A major weakness of some writers, primarily those who are either stuck in the last century or for whom English is a second language, is their frequent use of words or expressions that are either awkward, too formal for contemporary tastes, or considered antiquated or passé. “Henceforth,” “forthwith,” and “moreover” immediately come to mind as being out of touch with today’s reader. “The cat’s meow,” “let’s neck,” “picture show,”  “shake a leg,” “dowse the light,” “crank up the sound,” “lip rouge,” and hundreds more slang expressions and words and phrases that were coined in the first half of the 20th century never rolled into the 21st. These are only a few of the more obvious ones.   

Chances are you would never start a sentence with “As one might come to expect …” or “It goes without saying … (but, there, you’ve said it, anyway), “In days of yore …” or even the all-time favorite, “Once upon a time …” But, if you are an older writer, or if you spoke another language for some time before learning English, you are advised to read voraciously and listen carefully to those around you speaking English in today’s society. In particular, you should become keenly aware of the latest phraseology and slang expressions that are changing our English language on a daily basis. With the constant infusion of new buzzwords and tech-speak into our everyday speech, even those of us born and bred in the U.S. are struggling to keep up.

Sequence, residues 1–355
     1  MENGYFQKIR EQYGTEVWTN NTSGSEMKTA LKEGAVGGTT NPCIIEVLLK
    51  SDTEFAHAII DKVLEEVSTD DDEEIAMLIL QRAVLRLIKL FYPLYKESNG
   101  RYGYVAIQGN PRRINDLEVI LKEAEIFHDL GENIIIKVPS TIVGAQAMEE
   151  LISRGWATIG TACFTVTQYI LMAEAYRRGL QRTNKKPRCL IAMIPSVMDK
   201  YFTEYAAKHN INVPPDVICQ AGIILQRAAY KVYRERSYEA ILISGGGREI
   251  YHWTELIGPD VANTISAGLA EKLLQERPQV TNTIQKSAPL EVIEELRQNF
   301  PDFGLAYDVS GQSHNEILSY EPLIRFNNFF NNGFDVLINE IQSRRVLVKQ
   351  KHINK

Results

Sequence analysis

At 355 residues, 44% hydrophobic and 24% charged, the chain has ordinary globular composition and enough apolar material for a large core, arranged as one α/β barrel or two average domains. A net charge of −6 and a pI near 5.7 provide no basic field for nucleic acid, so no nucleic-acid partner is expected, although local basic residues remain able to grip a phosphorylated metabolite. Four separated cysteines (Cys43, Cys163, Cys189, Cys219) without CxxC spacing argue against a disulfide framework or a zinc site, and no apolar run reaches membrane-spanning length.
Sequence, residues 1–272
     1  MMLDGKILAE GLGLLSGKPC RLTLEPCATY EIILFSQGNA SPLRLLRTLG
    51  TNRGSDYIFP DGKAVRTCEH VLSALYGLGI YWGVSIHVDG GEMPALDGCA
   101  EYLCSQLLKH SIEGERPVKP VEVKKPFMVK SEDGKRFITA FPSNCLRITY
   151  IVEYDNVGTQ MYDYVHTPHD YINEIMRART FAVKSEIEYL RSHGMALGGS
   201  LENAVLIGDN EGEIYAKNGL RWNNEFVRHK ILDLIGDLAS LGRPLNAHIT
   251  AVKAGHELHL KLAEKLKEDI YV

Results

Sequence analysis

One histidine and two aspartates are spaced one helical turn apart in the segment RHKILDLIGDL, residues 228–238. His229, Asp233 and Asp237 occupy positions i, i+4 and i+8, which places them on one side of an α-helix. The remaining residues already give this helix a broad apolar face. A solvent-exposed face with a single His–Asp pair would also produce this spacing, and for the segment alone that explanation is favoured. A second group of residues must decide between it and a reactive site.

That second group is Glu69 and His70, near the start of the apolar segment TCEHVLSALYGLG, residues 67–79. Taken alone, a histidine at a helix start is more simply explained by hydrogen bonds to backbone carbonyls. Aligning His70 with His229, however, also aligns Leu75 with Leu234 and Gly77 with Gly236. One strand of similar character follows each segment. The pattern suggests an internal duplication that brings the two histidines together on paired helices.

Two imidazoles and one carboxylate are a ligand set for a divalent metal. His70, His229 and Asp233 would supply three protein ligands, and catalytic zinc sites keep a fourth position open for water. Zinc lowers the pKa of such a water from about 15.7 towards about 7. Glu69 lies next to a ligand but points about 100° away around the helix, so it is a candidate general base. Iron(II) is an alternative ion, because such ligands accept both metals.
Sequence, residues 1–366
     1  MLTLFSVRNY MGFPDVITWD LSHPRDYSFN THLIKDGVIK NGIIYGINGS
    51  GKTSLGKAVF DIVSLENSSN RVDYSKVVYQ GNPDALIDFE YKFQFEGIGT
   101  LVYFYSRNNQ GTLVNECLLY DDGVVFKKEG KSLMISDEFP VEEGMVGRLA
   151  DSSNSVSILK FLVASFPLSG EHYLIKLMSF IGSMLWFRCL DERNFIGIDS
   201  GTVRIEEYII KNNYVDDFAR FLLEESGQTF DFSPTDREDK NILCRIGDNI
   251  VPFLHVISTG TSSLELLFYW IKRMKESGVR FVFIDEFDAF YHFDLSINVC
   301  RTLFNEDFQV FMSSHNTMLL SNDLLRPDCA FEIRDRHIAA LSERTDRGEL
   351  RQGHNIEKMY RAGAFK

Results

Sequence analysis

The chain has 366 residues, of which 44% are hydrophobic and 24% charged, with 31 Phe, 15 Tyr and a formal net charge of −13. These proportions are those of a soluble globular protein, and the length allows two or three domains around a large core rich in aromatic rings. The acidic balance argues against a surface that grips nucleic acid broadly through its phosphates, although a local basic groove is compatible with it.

English is a living language, and being watchful of what works and what no longer does is essential to the way you are perceived as a writer. In the end, your material will be richer for your having done your homework, and it will be significantly fresher and more engaging to your reader.

Avoid Using Clichés: Tip #8

Thursday, April 8th, 2010

A cliché is defined as an expression that has been used too liberally over time, and has lost its effectiveness. Ironically, the reason it has been used so frequently is that it does its job so expeditiously. Your goal as a writer with a keen imagination is to come up with a substitute for each of those worn-out expressions that manages to say the same thing, but in a fresh manner.